It’s something a parent never wants to hear, certainly not after the birth of a child.
After Alana Richey gave birth to each of her two children in her early 20s, she was told that she would outlive them. Both had cystic fibrosis, a genetic disorder that causes severe damage to the lungs and digestive system.
And while the life expectancy of those with cystic fibrosis has risen from about 18 years to 37.5 years since that time, Richey already has experienced the pain of losing her youngest.
Tripp Oldham died on May 20, 2013, at the age of 21, while waiting for a double-lung transplant. Weeks earlier surgeons were preparing him for transplant surgery when other transplant surgeons found a spot on the donor’s kidney that turned out to be cancerous.
“Tripp pushed to the last moment,” Richey says of her son’s fighting spirit.
Richey, who lives in North Charleston, was not the only one heartbroken by his death. His sister, Jessica “Jes” Oldham, describes her relationship with her younger brother as “very, very close.”
“We were always each other’s No. 1,” says Oldham, now 25, who is finishing a degree in graphic design from Savannah College of Art and Design. “Having CF together brought us closer than most people.”
Oldham, who had just been released from the hospital after a flare-up when she was interviewed for this story, now has 55-65 percent of her lung capacity and says Tripp’s death was a reminder “that it (could) happen to me eventually.”
She adds that Tripp’s story is important because the public needs to be reminded that people still die while waiting for organs.
In Tripp’s honor, both Richey and Oldham have been doing their part in promoting organ donations and raising awareness of cystic fibrosis.
They will play prominent roles in this Saturday’s 10th LifePoint Race For Life, a fundraiser at James Island County Park that includes a 10K, 5K, half-mile fun run, Kids Zone and a Vendor Village.
LifePoint is the federal-designated “Organ Procurement Organization” responsible for organ recovery services in South Carolina, with the exception of Aiken and Edgefield counties. LifePoint actively provides organ, tissue and eye donor services to 62 hospitals throughout the state.
According to LifePoint, the need for organ donors has never been greater.
As of last week, 123,158 people are on the national waiting list for a life-saving organ transplant. Of those, 856 are in South Carolina.
Registering to be an organ donor is simple and easy to do. Provide your legal consent on the South Carolina Organ and Tissue Donor Registry either online at https://www.donatelifesc.org/register/ or at SCDMVonline.com or at any South Carolina Department of Motor Vehicles when obtaining, renewing or changing your driver’s license and identification information.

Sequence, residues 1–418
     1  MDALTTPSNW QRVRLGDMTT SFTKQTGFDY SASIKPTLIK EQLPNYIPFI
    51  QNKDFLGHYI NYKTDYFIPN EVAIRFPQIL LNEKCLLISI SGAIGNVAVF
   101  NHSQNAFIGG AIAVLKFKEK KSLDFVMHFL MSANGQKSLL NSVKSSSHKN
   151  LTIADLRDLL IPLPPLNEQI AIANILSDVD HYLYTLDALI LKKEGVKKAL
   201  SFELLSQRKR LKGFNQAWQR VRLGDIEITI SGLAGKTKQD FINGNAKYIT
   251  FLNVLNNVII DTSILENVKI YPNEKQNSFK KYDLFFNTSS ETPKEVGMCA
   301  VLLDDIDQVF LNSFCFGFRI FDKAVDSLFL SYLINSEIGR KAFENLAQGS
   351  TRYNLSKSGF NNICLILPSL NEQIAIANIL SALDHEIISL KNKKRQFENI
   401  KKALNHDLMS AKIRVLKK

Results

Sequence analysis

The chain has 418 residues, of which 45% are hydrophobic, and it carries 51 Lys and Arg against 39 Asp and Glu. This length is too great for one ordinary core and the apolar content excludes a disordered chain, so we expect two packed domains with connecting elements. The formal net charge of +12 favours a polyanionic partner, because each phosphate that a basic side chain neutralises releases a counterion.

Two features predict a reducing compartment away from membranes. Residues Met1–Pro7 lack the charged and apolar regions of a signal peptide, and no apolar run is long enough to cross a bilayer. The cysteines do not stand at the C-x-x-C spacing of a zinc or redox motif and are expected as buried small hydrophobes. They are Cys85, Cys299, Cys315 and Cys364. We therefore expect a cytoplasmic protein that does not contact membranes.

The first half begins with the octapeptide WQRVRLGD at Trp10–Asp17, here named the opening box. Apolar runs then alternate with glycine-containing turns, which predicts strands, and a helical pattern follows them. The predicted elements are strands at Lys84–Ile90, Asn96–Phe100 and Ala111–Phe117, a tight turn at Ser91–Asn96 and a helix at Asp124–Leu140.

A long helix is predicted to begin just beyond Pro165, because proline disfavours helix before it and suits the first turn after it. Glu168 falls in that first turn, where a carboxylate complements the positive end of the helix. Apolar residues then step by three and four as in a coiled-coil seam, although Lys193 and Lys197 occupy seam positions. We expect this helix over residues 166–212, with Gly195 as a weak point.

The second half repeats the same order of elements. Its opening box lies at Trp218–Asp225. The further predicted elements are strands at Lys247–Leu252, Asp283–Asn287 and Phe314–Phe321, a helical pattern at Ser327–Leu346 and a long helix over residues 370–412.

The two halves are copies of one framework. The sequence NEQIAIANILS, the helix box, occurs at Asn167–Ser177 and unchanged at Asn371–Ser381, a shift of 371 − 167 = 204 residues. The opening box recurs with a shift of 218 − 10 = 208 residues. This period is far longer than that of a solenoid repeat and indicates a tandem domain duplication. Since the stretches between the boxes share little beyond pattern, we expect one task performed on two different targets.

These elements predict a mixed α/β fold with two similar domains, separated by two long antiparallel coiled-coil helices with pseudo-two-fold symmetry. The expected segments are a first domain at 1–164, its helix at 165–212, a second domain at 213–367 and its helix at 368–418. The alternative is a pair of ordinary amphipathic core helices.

Mark Johnson, media relations coordinator for LifePoint, says he hopes to build on the success of last year’s event that drew 660 registrants and raised $15,000 to support awareness about organ, eye and tissue donation and to send Team SC to the 2014 Donate Life Transplant Games of America, a multi-sport festival.
“The purpose (of the games) is to show the world that transplantation is a treatment that does indeed work,” says Johnson, adding that transplant recipients and living donors compete against each other to win gold, silver or bronze medals.
At Saturday’s races, Johnson hopes to draw 1,000 registrants and raise $20,000. The event also will mark the first public appearance of our LifePoint/Donate Life SC mascot, “Chance The Donor Dog.”
Last year, Richey and Oldham had about 35 friends and family come out to the race as part of “Team Lungs for Life.” Richey’s husband and Oldham’s stepfather, Michael Richey, who is training for an ultra triathlon in Hawaii, will run both the 10K and the 5K. Oldham plans to walk in the event.
That vigor for life is consistent with Richey’s approach with her children.
“You have to live for the moment,” says Richey, who took her children on trips to Europe, the Caribbean and to the mountains for snowboarding, despite having medical bills. “Tripp was wide open. I let him run, do and live.”
Reach David Quick at 937-5516.